Fries was pleased when the artist showed him the pictures he’d taken of him and his partner in the modeling session. “I recognize the images of myself in both the photos and the drawing as very beautiful,” Fries writes.

But a week later, Fries’s feelings of pride were dissed. The guide’s art director didn’t like how the drawing turned out, Fries recalled the artist telling him. “‘He said that in the drawing the disability didn’t read. He wants me to cut off one of your legs,’” Fries writes.

Coming out wasn’t that difficult for Fries. Though, “I’m sure at times it felt difficult,” he said. “I think it was the combination of being both gay and disabled that posed the most challenges.”

If you’re disabled, you’re likely to run into ableism in the form of inaccessibility, pity, employment discrimination, discomfort, and fear. Perhaps, most hurtful, especially if you’re queer and disabled, is what Fries calls the myth of “the ideal body.” (This reporter is queer and disabled.)

Anyone with a body that is perceived as different is up against this myth, Fries said. “Everyone is affected by this myth, even straight white men. They just don’t know it as much as we do.”

Though he’s been disabled since he was born in Brooklyn, N.Y., and his disability is quite noticeable, Fries didn’t “come out” as disabled until he was in college.

Fries saw a psychologist after he began having panic attacks. “He did something not quite kosher,” Fries said, “making a deal with me that he’d come see the musical I was directing if I went to talk with Irv Zola, a disabled professor who taught at Brandeis, where I was an undergraduate.”

In those days, Zola was one of the very few disabled faculty at any college. “It was sheer luck that he was at mine,” Fries said.

At Zola’s suggestion, Fries got in touch with the Boston Self-Help Center, and, for a time, joined their peer support group. After grad school, Fries moved to San Francisco. There, he met Marilyn Golden, a disability rights movement leader. Meeting Golden, his first mentor, launched Fries’s disability rights journey.

Another important step for Fries in his “coming out” as disabled was when he took part in the Contemporary Chautauqua on Performance and Disability that was organized by Vicki Lewis at the Mark Taper Forum in Los Angeles in 1994. There, Fries met creative nonfiction and fiction writer Anne Finger, playwright Susan R. Nussbaum and other disabled writers. These writers became his “comrades in arms,” he said.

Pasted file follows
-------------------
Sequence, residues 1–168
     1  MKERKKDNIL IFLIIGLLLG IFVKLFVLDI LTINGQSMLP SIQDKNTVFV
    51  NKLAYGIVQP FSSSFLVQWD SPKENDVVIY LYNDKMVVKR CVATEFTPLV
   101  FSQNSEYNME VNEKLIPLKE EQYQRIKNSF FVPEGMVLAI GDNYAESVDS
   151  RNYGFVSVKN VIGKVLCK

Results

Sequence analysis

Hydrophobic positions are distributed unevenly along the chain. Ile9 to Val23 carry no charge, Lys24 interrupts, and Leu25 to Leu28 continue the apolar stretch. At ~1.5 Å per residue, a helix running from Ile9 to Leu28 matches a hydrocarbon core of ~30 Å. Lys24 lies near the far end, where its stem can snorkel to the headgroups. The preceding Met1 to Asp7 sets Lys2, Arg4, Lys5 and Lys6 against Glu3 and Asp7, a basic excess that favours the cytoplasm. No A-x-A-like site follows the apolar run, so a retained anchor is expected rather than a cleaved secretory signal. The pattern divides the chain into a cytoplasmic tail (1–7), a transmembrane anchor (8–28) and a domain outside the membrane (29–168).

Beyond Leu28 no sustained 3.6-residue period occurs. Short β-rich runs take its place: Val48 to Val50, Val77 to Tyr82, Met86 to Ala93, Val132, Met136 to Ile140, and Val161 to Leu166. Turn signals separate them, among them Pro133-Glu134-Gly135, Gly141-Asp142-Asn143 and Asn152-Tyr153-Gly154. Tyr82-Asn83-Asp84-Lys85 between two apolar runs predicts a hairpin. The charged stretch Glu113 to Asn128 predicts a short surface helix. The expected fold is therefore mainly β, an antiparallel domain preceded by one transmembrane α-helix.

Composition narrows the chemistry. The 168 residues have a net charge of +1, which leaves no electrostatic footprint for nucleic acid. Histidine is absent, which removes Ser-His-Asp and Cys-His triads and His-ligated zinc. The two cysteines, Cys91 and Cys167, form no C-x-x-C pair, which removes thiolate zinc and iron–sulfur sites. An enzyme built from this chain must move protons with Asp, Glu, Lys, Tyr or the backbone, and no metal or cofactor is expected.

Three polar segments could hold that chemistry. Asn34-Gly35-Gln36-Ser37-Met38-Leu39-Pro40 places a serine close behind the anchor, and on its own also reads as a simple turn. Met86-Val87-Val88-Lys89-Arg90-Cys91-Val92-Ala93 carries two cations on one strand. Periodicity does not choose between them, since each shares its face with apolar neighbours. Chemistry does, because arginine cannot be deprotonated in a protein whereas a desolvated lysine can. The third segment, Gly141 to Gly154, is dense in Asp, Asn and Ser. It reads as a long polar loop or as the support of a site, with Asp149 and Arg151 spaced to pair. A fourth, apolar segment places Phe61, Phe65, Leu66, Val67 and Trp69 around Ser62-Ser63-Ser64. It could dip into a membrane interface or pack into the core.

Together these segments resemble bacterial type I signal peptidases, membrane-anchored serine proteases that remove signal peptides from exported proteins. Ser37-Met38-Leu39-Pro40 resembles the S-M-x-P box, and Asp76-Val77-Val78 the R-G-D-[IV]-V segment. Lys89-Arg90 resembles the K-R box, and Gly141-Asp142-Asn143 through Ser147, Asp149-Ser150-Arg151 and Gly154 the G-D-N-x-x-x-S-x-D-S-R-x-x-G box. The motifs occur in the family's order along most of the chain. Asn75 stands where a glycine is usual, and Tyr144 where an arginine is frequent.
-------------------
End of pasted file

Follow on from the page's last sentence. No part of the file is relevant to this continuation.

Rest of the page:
Golden and Nussbaum died earlier this year. It was “a great personal and community loss,” Fries said.

The apartment building where he grew up was like a “vertical high rise shtetl,” Fries said, when asked how being Jewish fit into his queer and disabled identity.

“An ex called me ‘the Nazi Trifecta,’” Fries said, “as Jews, the disabled and queers were persecuted and killed during the Nazi regime.”

Being queer, disabled, and Jewish – being triply “othered” has emphasized his “questioning,” Fries said, “especially of societal structures and institutions.”

Somehow, he believes, these three identities combined to form his rather irreverent take on things.

The writing bug bit Fries early on. “As a child, I was always thinking of plays,” Fries said, “and wrote some silly ones.”

Fries is one of our time’s most distinguished and important queer and disabled writers. He is the author of “Province of the Gods,” “The History of My Shoes and the Evolution of Darwin’s Theory” and “Body, Remember: A Memoir.” His books of poetry include “In the Gardens of Japan,” “Desert Walking” and “Anesthesia.”

If you’re visibly disabled, you’re stared at often by nondisabled people.